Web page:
Lets say we want to set up permanent communication between Alpha Centauri and Earth. What I would suggest is we would have to of set up a half way communications 'hub'. On this Hub base a single (very powerful) Laser beam would be generated. This beam is then split in to two - there fore every photon has a twin. Interfering with one beam on the quantum level will show results in the other - instantly.

Now the logistics of this set up are very close to being imposable. First is the time required to actually drop off the hub (although if you are going to Alpha anyway - simply drop it off half way).

Secondly the speed of light comes into account for the beam to actually reach the destinations (Earth and Alpha), but once the beams have arrived they will be kept on permanently, therefore any message sent by interfering with the photons at either end (or at any point along the beam for that matter) would be instantly received at the other end.

Thirdly is maintaining a constant beam - every so often something would pass to block it (our moon - but other planets, moons space debris and passably the closest star to us - Noooo it's not Alpha Centauri! it's Alpha Proxima *spelling!*) But I suppose this could be accounted for by the beams being switched on and off to a very strict schedule, meaning messages could only be sent at certain intervals.

And lastly would be the Doppler effect - but that is the least of worries compared to what I’m proposing!

What do'ya think - do I deserve the Nobel prize (if I do it ain't gonna be for spelling)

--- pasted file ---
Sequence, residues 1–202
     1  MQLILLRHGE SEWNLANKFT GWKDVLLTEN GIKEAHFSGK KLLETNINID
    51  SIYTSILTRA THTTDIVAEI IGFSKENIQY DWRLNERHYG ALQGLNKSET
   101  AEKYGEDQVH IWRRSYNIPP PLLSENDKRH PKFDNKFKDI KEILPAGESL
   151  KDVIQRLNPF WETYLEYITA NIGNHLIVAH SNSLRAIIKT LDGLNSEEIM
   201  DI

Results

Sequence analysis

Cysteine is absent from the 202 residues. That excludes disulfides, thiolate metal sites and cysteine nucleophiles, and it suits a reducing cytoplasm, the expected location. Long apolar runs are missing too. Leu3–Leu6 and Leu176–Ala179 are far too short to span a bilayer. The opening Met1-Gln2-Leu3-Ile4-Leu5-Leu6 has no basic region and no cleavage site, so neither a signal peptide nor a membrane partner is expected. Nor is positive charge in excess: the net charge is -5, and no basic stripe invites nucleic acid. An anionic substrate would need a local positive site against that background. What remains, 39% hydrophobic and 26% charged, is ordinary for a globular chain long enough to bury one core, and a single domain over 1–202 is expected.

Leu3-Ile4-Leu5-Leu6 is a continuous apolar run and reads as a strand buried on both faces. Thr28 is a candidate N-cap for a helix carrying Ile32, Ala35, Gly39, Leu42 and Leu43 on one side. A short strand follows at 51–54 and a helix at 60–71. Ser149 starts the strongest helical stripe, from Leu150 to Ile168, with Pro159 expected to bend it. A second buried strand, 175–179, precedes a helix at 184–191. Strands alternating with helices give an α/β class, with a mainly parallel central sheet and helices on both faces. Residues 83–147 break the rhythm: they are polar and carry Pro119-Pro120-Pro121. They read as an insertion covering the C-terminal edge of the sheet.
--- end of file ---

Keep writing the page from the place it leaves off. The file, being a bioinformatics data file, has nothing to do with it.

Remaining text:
Edit: tidyup

[edit on 22/7/2007 by Now_Then]



posted on Jul, 23 2007 @ 12:26 AM
link   



Not a very good analogy. Electrical signals do not travel at the speed of light. If you had a quantum entangled light switch, the light wouldn't come on before you pressed the button, but rather the moment you press the button.


Yeah i know what you mean. Thanks for that!



posted on Oct, 16 2007 @ 09:38 AM
link   
reply to post by Now_Then
 


Sorry to dig up an old thread, but I must point out you've missed on thing in your analysis: not only do you need to haul the entagled particles (e.g. photons) to your destination, you also need to send some classical information to tell the other party how to measure his particle. No matter how clever your setup, there's no way to use entanglement to send information faster than the speed of light.



posted on Oct, 21 2007 @ 12:59 AM
link   

Originally posted by Octavius Maximus
The Problem with Faster than light, in my opinion, is that in small distances it would mean that the effect would happen before the cause.

For example, you press a button to turn on a light, if the signal was faster than light then the light should turn on before you press the button.

But if that is true, then what happens if you dont press the button then? does the light just go out? does it never turn on in the first place? or does the universe implode?


eh.. no? u press the button.. the electricity to power the light runs in the circuit to the light.. Then the light "turns on".. it doesnt matter how fast the power got to the bulb.. the bulb comes on after the power gets there.. otherwise theres no power for the light to illuminate.

im not very scientific in my explination.. but its basic reason..
at most the light comes on exactly when u hit the switch.. but not before..
if u dont flip the switch.. the light doesnt come on.. period..

or am i missing something?

[

Originally posted by stumason
Not a very good analogy. Electrical signals do not travel at the speed of light. If you had a quantum entangled light switch, the light wouldn't come on before you pressed the button, but rather the moment you press the button.


ok i didnt read it all at first.. but yah stumason was thinking what i am.. jus read his post.. again, its much more articulate



new topics

top topics



 
1

log in

join